Laboratory for Other Worlds explores our connection to the more-than-human world of plants and microbes through the lens of the Environmental Humanities, an interdisciplinary area of study that combines art, philosophy, and science. This exhibition is a series of imagination exercises to de-center the human individual and to create space for non-human perspectives. Viewers are invited to push past the limits of objectivity and rationality to experience the installation as a set of tools or devices for understanding expanded ways of being with the wider world.
This work was inspired by more-than-human participatory research practices undertaken at All Faiths Cemetery in Queens, NY. In accordance with ‘more-than-human research’ practices, this work takes into account the idea that human life and death are constituted through many non-human forces, from the microbes in our guts, to the insects, plants, and fungi that we live symbiotically with, to the gods and spirits that we summon, all of which connect us to a larger cosmology and to each other.
The installation is in four parts: Cthonos (a multimedia video installation) Plant Communication Devices, Psychic Corporeal Maps, and the Study Center
Photographs by Mark Woods Studio, Seattle, WA
Material list: saw horses, architechtural salvage, doll eyeballs, repurposed artwork, found and recycled material, paper pulp, grow lights, non fire clay, sticks, tripod, video equipment, digital video
Much of the work incorporates processes of damage and repair, meant to mimic processes found in the more than human world. The result visually mimics micorrhizal networks. Many of the pieces that make up Laboratory for other worlds have been used in past exhibitions. They are delicate and get damaged during de-installations and shipping. Part of my process is to allow the damage to happen, and to repair things in new configurations that I find interesting.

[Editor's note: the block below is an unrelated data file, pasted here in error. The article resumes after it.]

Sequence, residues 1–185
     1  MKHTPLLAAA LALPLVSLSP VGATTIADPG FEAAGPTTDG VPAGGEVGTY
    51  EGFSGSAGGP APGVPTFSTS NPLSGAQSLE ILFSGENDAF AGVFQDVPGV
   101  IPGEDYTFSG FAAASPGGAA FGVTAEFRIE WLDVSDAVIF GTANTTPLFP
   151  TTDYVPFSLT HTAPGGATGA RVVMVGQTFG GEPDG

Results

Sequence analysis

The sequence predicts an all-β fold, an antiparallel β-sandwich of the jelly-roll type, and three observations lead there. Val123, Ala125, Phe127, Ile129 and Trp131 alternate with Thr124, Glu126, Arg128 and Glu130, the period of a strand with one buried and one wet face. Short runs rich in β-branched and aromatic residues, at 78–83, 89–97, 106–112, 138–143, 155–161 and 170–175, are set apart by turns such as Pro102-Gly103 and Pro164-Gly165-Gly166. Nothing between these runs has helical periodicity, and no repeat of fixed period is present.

This narrative sci-fi video runs behind the installation, Here you will see an abstracted, industrialized landscape grow a giant eye, which cries a tear that turns into a worm that calls down into the mychorrhizal network, summoning an earthcraft that spills out tentacles and feelers that spread flourishing. The text is a poem made from quotes by Ursula Le Guin and Donna Haraway.
Materials List: Paper machè, pulp (from recycled carboard with plaster, leaf clippings, and catnip), doll eyeballs, paper mâché, spray paint, sticks, a flagpole, found wood, insulation tape, wood, cardboard.
Anywhere can be the center of the world.
- Black Elk
These psychic, corporeal cemetery maps were made to visualize the idea of “body territory:” that communal burial sites can be thought of as an extension of the human body. These are maps of All Faith’s Cemetery in Queens, NY and are rendered as psychic geography, seeing each place on earth as both completely unique, and equally important - along with its individual configurations of plants, animals, and spirits. This place contains multiple, concurrent timeframes and spatial realities that flow from one to another. To translate this cosmological space into Christian lexicon: these maps could be read in the same way as Hieronymus Bosch’s alter piece, “The Garden of Earthly Delights,” as simultaneously representing Heaven, Earth, and Hell.